Planners have suggested that in place of the garden, the new facilities would incorporate “pocket gardens” and other indoor green spaces. But could those come close to replacing the treasure we have, complete with towering trees, swaths of grass, and birds and bunnies that delight children?


Over the nearly 60 years that Prouty Garden has been in existence, the garden itself has taken on a patina of timelessness and constancy of caring that is readily apparent to those who enter. While the flowers may come and go each year, the trees become ever more mature and stately. The various sculptures reflect an aesthetic of the past, perhaps none more clearly than the sculpture of the nurse and her patient at the entrance to Prouty Garden. But rather than conveying a sense of “quaintness”, these sculptures tie back to a time when medical care was not as capable as it is today – to a time when the limits of medical care were more quickly reached and all that remained was hope, caring, and love. 

Indeed, the original document from the Massachusetts Horticultural Society reminds us that the Prouty Garden, for all these years since it was honored with its gold-medal, has served "as a visual promise to youngsters that Nature has not forgotten them during their period of confinement." 


There is plenty of research demonstrating the therapeutic value of gardens. One study reported that patients whose windows overlooked leafy trees healed more rapidly, required less pain medication, and had fewer post-surgical complications. Another found that 90 percent of hospital garden visitors reported positive changes in mood, attitude, and coping.

Dr. Clare Cooper Marcus, an emeritus professor of landscape architecture at the University of California at Berkeley and a leading expert in therapeutic landscaping, has deemed the garden “one of the most successful hospital gardens in the country.” Its mature shade trees, circular pond and fountain, and inviting walkways provide respite for patients, families, and staff alike. It also features private alcoves for solitude, meditation and — when needed — moments of grief.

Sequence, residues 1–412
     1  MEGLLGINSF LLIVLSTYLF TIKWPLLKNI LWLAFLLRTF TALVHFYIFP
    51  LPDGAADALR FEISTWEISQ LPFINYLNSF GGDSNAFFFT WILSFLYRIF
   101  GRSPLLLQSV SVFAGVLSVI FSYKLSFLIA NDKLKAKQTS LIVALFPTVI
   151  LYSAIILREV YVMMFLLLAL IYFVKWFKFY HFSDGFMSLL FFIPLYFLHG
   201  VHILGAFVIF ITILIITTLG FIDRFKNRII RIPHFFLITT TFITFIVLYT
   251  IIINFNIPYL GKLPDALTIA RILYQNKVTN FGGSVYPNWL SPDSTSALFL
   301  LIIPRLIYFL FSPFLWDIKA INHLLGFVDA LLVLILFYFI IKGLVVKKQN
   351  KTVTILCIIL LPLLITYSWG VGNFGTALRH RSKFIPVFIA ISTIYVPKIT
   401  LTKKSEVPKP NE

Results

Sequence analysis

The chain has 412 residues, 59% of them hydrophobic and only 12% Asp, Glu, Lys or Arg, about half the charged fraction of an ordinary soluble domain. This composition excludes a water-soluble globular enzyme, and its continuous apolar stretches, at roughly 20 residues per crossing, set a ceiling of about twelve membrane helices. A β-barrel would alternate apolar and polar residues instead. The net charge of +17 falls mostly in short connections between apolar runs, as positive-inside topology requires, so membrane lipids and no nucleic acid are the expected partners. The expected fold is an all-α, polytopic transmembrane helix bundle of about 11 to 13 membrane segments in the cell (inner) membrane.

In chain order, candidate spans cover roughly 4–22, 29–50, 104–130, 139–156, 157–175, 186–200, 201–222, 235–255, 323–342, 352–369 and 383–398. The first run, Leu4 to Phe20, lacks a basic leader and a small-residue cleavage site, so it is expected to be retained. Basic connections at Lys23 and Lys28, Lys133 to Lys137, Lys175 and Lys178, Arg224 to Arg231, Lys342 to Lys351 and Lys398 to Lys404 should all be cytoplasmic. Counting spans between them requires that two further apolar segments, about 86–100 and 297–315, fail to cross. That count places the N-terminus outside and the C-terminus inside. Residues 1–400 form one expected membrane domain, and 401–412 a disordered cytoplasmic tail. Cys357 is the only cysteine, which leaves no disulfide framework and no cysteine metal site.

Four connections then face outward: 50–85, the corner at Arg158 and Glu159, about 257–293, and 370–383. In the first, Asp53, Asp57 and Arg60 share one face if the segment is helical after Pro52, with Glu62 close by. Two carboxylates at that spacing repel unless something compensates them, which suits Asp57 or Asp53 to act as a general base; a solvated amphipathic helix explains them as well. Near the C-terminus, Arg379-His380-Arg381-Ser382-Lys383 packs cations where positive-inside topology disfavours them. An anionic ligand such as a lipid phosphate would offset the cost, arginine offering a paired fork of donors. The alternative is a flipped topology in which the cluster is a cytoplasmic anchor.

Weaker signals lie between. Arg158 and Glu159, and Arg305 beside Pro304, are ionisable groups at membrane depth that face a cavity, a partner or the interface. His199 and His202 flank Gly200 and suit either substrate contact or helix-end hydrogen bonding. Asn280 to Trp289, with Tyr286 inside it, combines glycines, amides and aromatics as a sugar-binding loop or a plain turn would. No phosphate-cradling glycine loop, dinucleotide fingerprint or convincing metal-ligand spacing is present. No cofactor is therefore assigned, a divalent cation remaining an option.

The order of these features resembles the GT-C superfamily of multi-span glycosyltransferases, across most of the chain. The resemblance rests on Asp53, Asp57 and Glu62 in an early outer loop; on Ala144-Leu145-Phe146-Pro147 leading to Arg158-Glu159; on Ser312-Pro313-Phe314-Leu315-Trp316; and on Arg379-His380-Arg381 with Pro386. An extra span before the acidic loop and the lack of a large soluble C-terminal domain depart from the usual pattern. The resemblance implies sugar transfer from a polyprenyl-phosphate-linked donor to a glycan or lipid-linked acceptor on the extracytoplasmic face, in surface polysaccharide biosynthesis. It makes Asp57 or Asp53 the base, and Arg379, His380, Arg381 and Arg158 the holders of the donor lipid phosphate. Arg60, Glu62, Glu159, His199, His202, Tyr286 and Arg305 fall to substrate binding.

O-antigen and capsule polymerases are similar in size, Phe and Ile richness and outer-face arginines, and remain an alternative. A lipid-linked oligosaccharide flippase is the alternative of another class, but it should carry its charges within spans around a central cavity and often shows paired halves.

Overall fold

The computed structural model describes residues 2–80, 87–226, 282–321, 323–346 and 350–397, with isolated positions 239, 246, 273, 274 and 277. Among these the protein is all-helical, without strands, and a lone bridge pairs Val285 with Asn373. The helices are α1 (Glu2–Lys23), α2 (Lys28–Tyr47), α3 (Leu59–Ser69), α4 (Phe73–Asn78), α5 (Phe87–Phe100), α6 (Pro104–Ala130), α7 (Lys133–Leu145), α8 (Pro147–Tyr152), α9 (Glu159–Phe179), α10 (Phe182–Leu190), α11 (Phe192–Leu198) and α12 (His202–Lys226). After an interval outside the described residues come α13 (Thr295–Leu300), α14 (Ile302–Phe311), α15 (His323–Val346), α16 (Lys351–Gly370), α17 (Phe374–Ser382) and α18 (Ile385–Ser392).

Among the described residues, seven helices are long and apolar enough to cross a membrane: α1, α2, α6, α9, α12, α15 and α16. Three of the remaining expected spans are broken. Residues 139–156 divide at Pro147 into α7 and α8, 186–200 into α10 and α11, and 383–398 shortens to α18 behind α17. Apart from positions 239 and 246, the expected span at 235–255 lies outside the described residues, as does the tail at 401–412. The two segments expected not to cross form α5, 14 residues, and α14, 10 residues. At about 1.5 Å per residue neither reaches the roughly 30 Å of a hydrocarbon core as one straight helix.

It is impossible for someone entering Prouty Garden today to not immediately recognize the central presence of the Dawn Redwood in the garden. In the words of one environmentalist:

You … have a huge symbol of perseverance and survival in the Dawn Redwood, most likely one of the first to be brought to the U.S. by Arnold Arboretum's seed-collection expedition in 1948 after the species was thought to be extinct for twenty-five million years. [In an] air photo of the Longwood Campus, the Prouty Garden and its beacon Dawn Redwood, and the Harvard Medical quad, are the only green spaces that stand out in the concrete jungle that has evolved.
You have a priceless therapeutic historical ecosystem garden that no other children's hospital can match... 

As it has grown into the majestic tree that it is today, the Dawn Redwood has become a physical embodiment of the very culture and values that define Children’s Hospital and its staff. Resolute, constant, and strong, the Dawn Redwood, like Children’s care-giving staff, offers support in achieving cures for those who come to Children’s Hospital and are cured – and it helps bear the burden of pain and sorrow for those who come to Children’s  Hospital seeking cures but don’t find them. 

The Dawn Redwood is much more than a big tree in a disposable garden. It is a symbol of life, and the enduring presence of hope for those who need it most.